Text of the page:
Netherlands - Elections

Wilders security scare escalates Dutch election campaign

Dutch far right Party for Freedom (PVV) leader Geert Wilders campaigns for the 2017 Dutch election in Spijkenisse, a suburb of Rotterdam, Netherlands, 18 February 2017.
Dutch far right Party for Freedom (PVV) leader Geert Wilders campaigns for the 2017 Dutch election in Spijkenisse, a suburb of Rotterdam, Netherlands, 18 February 2017. Reuters/Michael Kooren TPX IMAGES OF THE DAY

Netherlands far-right Freedom Party leader Geert Wilders has gone underground ahead of the country's general election, after a police agent reportedly leaked information about him to a Moroccan gang. Authorities have insisted Wilders is safe.


The leader of the poll-topping Dutch Freedom Party (PVV), took to Twitter to announce the "very disturbing news" that he was suspending all public campaigning until further notice.

It comes after the discovery of a possible mole in his security apparatus. The firebrand MP is already under 24-hour police protection and has been for 12 years now.

"It's certainly unusual and that is exactly why we are shocked," Ben Tallis, a senior researcher at the Institute of International Relations in Prague, told RFI by phone on Friday.

"We have to be able to place trust in public servants such as these close protection officers, because they play an essential role in safeguarding our democracy," he said.

Tensions are escalating, three weeks to go before the country's general election in which the Freedom Party and the Liberals of Prime Minister Mark Rutte are neck-and-neck.

Wilders courted controversy on Saturday at the launch of his official campaign by promising to crack down on "Moroccan scum".

"I don't think it's fair to say he had it coming," reckons Tallis. "Oviously Wilders has tested the boundaries of free speech, but this is not the way to address those grievances. And while this kind of action from this officer may be seen as something as a threat to our democracy, Wilders is also a threat to our democracy."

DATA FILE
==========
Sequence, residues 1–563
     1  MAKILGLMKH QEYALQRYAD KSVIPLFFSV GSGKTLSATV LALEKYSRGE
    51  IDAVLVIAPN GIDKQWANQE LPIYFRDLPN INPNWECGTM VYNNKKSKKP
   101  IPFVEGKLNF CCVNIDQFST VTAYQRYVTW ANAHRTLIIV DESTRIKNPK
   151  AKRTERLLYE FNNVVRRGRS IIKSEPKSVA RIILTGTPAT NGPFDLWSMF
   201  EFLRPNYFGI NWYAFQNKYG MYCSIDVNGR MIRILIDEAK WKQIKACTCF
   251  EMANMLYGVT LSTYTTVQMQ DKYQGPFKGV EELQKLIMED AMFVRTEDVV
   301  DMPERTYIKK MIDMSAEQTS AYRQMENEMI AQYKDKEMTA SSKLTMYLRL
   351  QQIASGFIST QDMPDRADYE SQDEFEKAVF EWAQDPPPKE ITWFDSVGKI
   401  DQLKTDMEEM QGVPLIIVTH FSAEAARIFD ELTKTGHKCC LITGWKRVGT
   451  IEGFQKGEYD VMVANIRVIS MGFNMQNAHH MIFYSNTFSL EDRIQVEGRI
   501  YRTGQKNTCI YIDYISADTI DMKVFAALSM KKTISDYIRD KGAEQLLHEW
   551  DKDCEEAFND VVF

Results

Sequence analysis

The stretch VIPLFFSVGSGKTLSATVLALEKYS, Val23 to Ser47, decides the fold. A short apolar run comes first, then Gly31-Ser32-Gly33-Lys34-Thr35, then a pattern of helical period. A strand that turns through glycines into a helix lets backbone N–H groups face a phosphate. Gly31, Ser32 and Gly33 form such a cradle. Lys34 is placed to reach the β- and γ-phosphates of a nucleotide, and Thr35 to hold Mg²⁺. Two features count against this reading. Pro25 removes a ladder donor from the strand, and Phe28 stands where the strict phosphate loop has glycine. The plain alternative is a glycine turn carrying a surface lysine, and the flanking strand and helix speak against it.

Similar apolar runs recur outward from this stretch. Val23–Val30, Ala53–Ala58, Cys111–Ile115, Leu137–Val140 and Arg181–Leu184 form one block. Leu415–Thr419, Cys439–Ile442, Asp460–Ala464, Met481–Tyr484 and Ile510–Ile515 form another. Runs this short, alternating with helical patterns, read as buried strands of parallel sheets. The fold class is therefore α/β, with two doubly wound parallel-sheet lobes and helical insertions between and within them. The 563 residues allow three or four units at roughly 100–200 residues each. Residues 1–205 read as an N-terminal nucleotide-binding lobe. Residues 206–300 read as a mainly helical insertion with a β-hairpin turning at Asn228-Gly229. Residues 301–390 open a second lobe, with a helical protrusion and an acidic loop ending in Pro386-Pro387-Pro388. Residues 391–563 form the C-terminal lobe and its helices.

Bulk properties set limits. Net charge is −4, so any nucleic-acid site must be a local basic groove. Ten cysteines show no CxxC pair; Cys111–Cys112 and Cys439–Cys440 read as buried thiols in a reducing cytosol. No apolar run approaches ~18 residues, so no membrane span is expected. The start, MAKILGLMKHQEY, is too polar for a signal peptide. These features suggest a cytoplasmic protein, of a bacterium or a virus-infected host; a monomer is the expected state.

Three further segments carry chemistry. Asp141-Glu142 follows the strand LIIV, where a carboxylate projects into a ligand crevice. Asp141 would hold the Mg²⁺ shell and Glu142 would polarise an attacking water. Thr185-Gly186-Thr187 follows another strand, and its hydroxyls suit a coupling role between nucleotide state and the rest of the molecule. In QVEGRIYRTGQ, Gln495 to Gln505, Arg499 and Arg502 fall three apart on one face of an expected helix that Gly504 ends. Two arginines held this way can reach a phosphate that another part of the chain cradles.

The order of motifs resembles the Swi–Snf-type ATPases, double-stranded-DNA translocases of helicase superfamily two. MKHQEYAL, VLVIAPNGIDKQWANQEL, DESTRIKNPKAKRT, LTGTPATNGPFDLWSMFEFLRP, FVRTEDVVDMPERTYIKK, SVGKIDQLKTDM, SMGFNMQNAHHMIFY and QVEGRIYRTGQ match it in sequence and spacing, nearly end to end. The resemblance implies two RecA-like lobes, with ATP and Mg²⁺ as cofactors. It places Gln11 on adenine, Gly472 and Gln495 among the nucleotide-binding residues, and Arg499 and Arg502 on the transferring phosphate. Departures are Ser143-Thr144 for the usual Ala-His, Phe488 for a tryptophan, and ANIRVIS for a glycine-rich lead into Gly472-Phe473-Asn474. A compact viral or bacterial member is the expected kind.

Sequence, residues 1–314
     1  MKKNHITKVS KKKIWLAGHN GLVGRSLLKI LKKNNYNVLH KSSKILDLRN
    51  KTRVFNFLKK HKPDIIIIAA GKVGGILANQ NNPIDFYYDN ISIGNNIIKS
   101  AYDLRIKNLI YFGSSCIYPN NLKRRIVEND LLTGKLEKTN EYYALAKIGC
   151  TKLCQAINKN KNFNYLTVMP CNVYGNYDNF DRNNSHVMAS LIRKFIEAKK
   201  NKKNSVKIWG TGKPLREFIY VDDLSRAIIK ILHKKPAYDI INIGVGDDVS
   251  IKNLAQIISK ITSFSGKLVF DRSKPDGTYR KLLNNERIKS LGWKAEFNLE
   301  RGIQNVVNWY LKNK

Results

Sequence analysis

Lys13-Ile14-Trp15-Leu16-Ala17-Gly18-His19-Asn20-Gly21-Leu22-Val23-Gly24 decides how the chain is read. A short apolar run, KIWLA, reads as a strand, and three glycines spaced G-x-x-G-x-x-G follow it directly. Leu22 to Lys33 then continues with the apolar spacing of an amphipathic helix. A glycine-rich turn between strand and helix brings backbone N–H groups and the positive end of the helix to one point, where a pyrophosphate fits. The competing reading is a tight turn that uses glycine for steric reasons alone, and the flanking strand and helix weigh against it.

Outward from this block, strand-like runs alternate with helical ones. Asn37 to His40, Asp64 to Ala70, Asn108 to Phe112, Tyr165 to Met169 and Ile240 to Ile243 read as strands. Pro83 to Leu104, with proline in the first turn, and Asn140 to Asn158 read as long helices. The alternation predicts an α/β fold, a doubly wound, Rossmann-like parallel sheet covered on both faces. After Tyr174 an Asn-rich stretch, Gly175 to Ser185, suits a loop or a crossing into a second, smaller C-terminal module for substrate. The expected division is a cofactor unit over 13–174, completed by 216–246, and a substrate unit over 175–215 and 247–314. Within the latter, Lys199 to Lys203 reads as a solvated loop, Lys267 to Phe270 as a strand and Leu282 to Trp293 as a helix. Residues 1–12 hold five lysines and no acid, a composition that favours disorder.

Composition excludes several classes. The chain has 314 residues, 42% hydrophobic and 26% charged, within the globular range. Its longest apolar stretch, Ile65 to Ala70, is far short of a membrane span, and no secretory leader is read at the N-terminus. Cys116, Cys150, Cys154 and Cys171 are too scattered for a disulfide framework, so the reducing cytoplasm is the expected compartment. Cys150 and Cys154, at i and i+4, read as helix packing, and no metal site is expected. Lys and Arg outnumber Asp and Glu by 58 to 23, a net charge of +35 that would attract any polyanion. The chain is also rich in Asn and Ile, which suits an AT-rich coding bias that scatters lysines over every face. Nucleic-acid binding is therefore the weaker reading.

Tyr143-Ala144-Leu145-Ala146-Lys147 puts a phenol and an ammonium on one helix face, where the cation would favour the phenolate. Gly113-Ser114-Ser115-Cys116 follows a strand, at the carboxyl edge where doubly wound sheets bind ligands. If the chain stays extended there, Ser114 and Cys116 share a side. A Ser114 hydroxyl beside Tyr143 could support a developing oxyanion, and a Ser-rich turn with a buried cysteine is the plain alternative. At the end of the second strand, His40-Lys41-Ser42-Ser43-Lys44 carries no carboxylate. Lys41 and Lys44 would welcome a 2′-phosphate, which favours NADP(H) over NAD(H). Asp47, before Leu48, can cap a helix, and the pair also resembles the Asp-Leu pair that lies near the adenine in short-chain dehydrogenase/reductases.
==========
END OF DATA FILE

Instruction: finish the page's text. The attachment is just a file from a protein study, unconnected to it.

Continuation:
For other critics like Dr André Krouwel, a political scientist from the University of Amsterdam, Wilders is blowing up the security threat for personal gain.

Media spectacle

"Why would you make your security and how it's organized into a media spectacle? That's the opposite of what you should be doing with your security protocols," he told RFI.

A publicity stunt or not, anything that touches upon security or death threats hits a raw nerve in the Netherlands, which is no stranger to political violence.

Flamboyant far-right leader Pim Foruyn was assassinated just nine days before elections in 2002, in part because of his virulent rhetoric. But for Krouwel, the similarities end there.

"Fortyn asked for protection and wasn't given any, that's why he was killed. So you can really blame the authorities there for not protecting its citizens. With Wilders he's been kept safe since 2005. And they've now also exposed the guy that might have been a risk, so they're actually doing their job! Of course, he's managed to frame it that the elites are collaborating with Moroccan policemen to betray him!"

His former Freedom Party member Ehsam Jami disagrees:

"I can tell you personally, this isn't a campaign stunt. I've myself been under police protection just like Wilders for two years, and I can guarantee you that if that would have happened to me, I would have done exactly the same thing. It's my life you know, it's not something you play with," he told RFI.

Terror could win

Ehsan Jami was put under police protection for criticizing Islam and went on to set up an organization for those Muslims wishing to abandon their Islamic faith.

The parallels with Wilders are clear, but Jami doesn't think the far-right leader's plans to ban the Qu'ran and close down mosques and Islamic schools is the right method to win.

"I'm a constitutionalist, he has to match the very constitution we're defending. How are we going to reach this by banning the Qu'ran?  What about the morality? We're better than that."

Asked whether he thought the death threat on Wilders life could hurt or bolsten him, Jami said it was too early to tell.

"He might win the elections, or one or two seats behind the Liberal party, if there's a terror attack in the Netherlands or Europe he will win.. by far. Between now and election day March 15th, if anything happens in that perspective he will win."

Wilders, however, has lost the last four elections and looks likely to be shut out of government again unless he finds a coalition partner.

Dutch Prime Minister Mark Rutte, whose Liberal party is the closest ideologically, has ruled out any deal with him.

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